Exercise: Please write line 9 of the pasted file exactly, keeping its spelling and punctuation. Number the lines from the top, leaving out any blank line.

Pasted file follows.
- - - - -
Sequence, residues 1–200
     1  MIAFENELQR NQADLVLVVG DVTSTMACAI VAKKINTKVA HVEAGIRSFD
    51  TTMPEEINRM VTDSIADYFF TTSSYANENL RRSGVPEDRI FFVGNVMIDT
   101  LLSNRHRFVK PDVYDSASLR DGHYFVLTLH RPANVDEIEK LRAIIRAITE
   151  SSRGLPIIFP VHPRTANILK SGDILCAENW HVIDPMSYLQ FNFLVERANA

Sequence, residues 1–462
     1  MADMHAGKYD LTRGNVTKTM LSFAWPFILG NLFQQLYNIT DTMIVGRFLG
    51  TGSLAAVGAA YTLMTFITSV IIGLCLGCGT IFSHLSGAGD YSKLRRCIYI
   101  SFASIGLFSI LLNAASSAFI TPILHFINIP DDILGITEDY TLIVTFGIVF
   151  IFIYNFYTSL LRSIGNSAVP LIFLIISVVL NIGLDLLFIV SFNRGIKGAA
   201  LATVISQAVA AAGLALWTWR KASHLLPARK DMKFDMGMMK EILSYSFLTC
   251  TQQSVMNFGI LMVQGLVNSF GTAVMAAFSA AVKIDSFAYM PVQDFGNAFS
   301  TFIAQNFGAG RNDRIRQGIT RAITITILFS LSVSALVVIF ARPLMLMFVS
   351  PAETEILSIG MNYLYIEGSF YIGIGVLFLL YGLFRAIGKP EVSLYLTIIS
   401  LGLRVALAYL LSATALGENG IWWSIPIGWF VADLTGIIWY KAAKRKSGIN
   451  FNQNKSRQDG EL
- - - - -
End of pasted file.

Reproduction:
   101  SFASIGLFSI LLNAASSAFI TPILHFINIP DDILGITEDY TLIVTFGIVF